It’s hard to think of any consumer purchase contract where the price on the front page is not the full purchase price, where additional charges are unlimited, and where the seller has no legal obligation to make full disclosure of extra charges to the buyer at the time of sale.
And yet this is a common practice among some Toronto-area condominium builders. It is an issue that cries out for the government to intervene in the public interest.
I was reminded of this problem once again last week while I was reviewing a client’s pre-construction purchase contract for a unit in a large mixed-use condominium development in downtown Toronto.
When I added up all the extra charges buried in the disclosure statement but not even hinted at in my client’s purchase agreement, the total came to just shy of a staggering $70,000.
The 33-page purchase and sale agreement for this project is typical for pre-construction condominium contracts. For a mere $935,3000, the buyer gets a floor plan without measurements or any guaranteed size, along with an obligation to pay a number of disclosed but unlimited charges such as government taxes and levies, and the costs of utility meters and connections. In order to discourage buyers — and their lawyers — from actually reading the contract, it is written in the tiniest type face possible. (No wonder I have to use trifocals after years of reading these contracts!)
But the $935,300 cost of the condo (plus the disclosed but unlimited extras) is far from the total tab the buyer has to pay.
Under the 1998 Condominium Act, at the time a purchase contract is signed, the builder is required to deliver to the purchaser a thick volume of materials which includes the proposed condominium organization documents and a disclosure statement setting out 27 specific details of the project.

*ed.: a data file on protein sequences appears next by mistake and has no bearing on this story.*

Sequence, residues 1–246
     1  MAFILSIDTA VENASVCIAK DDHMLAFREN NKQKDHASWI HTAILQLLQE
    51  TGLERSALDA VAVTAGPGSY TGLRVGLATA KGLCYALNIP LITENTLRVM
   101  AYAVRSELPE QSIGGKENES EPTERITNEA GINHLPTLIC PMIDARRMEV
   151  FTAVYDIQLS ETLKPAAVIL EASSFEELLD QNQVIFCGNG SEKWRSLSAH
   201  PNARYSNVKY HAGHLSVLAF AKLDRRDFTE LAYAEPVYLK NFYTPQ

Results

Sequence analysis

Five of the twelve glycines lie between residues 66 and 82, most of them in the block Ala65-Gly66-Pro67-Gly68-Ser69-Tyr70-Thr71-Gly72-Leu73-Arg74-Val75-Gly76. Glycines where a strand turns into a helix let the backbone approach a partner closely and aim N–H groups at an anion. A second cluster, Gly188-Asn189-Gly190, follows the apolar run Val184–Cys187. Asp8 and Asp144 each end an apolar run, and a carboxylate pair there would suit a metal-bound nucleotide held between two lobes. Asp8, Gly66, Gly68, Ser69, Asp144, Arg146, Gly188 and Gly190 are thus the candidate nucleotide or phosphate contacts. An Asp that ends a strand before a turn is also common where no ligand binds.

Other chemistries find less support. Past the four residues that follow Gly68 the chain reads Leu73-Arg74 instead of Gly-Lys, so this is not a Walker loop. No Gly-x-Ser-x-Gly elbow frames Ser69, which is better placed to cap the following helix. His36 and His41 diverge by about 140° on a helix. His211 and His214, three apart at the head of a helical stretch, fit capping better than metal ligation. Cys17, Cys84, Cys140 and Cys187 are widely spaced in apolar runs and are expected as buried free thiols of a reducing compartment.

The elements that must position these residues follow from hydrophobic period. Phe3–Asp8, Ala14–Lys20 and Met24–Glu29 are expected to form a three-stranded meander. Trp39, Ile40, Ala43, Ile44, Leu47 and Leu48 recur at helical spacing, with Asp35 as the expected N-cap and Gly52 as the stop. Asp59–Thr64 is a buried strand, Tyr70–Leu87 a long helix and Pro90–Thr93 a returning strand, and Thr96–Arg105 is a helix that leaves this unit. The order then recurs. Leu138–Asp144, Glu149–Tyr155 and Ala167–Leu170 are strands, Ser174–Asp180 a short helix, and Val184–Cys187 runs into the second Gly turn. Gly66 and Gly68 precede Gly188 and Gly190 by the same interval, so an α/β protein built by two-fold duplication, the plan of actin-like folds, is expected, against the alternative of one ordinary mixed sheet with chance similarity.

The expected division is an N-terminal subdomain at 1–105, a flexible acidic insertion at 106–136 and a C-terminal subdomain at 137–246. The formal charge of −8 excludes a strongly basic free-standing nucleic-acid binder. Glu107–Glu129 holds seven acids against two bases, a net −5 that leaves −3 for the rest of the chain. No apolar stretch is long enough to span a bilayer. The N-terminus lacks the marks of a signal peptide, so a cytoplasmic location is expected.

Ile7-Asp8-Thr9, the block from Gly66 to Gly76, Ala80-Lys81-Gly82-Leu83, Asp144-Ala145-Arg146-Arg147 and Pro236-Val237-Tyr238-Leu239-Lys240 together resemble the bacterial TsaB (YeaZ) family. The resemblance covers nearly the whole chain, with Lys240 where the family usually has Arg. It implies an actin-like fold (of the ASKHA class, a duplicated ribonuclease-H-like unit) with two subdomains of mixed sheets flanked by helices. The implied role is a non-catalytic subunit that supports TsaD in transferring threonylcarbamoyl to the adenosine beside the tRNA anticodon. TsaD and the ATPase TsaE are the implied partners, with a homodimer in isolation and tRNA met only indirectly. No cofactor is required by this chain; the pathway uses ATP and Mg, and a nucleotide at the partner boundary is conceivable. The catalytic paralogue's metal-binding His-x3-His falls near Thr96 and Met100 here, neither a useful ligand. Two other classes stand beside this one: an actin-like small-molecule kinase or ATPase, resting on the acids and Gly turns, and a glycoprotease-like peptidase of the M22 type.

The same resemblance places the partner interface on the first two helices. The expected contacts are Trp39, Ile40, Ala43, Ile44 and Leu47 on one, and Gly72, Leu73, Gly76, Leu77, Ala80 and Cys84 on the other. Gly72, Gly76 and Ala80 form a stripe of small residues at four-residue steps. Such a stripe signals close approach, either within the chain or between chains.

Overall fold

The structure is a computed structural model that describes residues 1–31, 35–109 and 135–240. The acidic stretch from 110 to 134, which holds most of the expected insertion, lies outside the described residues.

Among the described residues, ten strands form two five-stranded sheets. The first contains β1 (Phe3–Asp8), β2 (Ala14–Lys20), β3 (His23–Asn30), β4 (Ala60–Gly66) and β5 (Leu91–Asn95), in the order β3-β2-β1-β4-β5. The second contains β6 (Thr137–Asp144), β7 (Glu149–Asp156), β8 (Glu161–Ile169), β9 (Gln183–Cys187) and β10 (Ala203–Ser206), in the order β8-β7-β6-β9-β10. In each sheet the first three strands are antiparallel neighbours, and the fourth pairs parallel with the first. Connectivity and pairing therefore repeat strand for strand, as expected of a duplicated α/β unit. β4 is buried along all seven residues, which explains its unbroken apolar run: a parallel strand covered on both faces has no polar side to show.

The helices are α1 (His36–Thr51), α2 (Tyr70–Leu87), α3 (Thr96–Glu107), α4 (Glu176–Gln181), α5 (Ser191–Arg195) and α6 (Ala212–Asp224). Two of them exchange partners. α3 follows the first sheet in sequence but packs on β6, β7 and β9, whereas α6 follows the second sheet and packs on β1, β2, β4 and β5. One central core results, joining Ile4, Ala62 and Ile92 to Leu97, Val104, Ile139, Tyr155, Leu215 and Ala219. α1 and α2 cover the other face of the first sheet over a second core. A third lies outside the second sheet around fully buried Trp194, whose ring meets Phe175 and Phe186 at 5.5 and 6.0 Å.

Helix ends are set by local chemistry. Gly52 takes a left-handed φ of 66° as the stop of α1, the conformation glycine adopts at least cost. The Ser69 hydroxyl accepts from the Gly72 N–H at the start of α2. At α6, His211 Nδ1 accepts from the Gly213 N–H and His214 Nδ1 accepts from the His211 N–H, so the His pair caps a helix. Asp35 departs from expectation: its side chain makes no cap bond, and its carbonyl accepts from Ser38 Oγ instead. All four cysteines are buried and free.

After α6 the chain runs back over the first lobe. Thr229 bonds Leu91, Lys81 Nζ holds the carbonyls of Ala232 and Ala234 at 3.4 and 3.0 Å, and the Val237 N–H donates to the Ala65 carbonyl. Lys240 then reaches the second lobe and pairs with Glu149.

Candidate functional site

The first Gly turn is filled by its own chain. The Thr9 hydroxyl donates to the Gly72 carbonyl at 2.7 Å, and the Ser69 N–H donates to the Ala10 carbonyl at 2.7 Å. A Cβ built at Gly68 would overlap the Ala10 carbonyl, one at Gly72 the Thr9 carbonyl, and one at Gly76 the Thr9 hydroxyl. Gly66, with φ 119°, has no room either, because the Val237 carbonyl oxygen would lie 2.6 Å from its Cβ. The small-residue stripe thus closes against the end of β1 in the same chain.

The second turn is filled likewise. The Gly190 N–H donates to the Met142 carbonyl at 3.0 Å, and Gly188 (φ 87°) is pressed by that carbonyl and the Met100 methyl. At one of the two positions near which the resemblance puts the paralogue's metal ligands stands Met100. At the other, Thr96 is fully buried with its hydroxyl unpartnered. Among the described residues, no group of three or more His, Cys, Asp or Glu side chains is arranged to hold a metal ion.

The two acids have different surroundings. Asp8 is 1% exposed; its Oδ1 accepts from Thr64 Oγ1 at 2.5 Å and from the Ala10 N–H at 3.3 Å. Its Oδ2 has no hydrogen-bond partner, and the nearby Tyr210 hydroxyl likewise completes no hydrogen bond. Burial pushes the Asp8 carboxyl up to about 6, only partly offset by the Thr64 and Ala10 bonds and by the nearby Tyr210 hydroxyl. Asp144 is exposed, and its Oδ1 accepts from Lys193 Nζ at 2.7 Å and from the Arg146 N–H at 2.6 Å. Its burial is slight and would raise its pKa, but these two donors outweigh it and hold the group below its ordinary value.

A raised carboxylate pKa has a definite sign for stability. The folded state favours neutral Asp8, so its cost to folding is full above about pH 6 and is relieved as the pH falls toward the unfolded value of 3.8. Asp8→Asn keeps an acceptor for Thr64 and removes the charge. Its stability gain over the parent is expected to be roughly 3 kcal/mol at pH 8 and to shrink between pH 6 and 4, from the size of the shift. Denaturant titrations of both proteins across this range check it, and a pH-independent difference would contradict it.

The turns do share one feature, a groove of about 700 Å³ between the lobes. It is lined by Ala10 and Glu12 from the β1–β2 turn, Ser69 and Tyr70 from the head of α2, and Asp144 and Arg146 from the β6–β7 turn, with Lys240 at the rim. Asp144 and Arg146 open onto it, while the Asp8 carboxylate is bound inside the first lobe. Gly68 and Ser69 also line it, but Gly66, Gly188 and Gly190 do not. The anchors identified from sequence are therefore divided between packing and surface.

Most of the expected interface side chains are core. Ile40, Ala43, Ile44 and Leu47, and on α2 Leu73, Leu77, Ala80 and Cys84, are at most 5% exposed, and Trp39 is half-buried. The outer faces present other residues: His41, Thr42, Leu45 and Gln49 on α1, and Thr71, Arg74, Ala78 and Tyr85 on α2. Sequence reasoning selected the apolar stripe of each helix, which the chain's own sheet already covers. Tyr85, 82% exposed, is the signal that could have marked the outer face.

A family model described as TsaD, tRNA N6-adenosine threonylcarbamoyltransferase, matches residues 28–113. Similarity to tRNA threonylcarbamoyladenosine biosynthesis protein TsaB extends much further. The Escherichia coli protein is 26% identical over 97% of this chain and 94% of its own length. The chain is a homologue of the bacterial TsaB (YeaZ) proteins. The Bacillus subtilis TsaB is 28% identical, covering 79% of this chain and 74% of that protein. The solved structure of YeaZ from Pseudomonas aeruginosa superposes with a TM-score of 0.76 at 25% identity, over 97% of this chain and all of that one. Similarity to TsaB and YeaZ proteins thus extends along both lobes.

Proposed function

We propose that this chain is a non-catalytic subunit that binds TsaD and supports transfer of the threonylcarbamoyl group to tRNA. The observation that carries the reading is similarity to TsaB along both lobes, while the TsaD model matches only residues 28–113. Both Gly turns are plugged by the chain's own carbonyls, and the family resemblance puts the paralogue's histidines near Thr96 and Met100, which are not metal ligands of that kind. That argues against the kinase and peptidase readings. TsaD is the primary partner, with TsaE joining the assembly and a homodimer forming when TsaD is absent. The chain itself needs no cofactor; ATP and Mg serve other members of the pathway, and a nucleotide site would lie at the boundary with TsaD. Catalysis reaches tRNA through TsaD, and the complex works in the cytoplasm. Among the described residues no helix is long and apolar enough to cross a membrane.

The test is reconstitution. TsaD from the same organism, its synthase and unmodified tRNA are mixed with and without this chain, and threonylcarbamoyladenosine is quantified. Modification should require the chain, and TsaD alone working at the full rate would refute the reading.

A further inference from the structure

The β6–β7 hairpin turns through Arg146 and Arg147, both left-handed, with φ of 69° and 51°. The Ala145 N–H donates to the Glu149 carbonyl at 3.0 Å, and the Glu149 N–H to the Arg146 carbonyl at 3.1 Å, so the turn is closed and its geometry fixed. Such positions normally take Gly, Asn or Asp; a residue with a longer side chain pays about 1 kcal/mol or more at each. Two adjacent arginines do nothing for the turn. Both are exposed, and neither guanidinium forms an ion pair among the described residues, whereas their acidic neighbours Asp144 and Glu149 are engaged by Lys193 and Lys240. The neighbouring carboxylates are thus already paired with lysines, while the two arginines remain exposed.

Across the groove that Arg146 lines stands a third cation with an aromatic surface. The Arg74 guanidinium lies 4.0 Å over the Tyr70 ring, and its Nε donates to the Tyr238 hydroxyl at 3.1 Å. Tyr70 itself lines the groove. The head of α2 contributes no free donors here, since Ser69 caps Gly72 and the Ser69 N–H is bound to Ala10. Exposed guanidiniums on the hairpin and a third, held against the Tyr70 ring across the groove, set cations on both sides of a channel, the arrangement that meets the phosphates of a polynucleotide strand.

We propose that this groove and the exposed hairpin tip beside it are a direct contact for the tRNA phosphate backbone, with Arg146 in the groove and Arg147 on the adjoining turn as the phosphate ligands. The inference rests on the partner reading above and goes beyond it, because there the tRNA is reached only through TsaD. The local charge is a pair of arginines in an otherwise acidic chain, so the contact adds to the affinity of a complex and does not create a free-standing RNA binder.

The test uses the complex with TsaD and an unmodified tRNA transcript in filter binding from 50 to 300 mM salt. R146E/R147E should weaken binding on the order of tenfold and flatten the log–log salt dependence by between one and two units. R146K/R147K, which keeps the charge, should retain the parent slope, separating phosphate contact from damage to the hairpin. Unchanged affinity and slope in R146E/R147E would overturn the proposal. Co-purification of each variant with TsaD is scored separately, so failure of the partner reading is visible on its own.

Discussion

Buried in the disclosure document is a statement setting out whether the unit buyers jointly will be required to purchase assets or services from the developer.
In my experience, the vast majority of buyers find these disclosure documents intimidating and incomprehensible and do not bother to read them.
In reviewing the disclosure statement for the new downtown project with my client last week, I pointed out that after the condominium project is registered, all of the unit owners as a group will be required to purchase from the developer:
- Up to 6 guest suites at $200,000 plus HST each, or $1,356,000, plus 8 per cent interest over 10 years.
- A superintendent unit for $565,000 including HST, plus 8 per cent interest over 10 years.
- A recreation centre for an astonishing $11.3 million, repayable without interest over 10 years.
Including $860,000 in interest on the guest suites and superintendent’s unit, the unit owners as a group are on the hook to the developer for a total of slightly more than $14 million during the first 10 years of ownership.
My client’s share of the total cost works out to $69,560, or a hit of more than 7.4 per cent in addition to his purchase price.
None of these charges were disclosed in the sales office, so when I calculated it out for my client, he was in shock at the total amount of the costs.
In my experience, this project marks a new high — or low, depending on your viewpoint — in undisclosed extra charges for condominium buyers. It’s a situation which demands greater government protection for unsuspecting consumers.
And it’s also an issue which the members of the Building Industry and Land Development Association might want to tackle before the government does it for them.
Until the disclosure laws are changed, condominium buyers can protect themselves by taking several steps:
- Ask about undisclosed charges in the sales office before signing anything.
- Read the disclosure statement and especially Section 17 (about extra costs).
- Above all, always have an experienced condominium lawyer review the purchase agreement and disclosure statement within the 10 day cancellation period after signing it.
Bob Aaron is a sole practitioner at the law firm of Aaron &
Aaron in Toronto and a board member of the Tarion Warranty Corp. Bob
specializes in the areas of real estate, corporate and commercial law,
estates and wills and landlord/tenant law. His Title Page column appears Saturdays in The Toronto Star and weekly on Move Smartly. E-mail email@example.com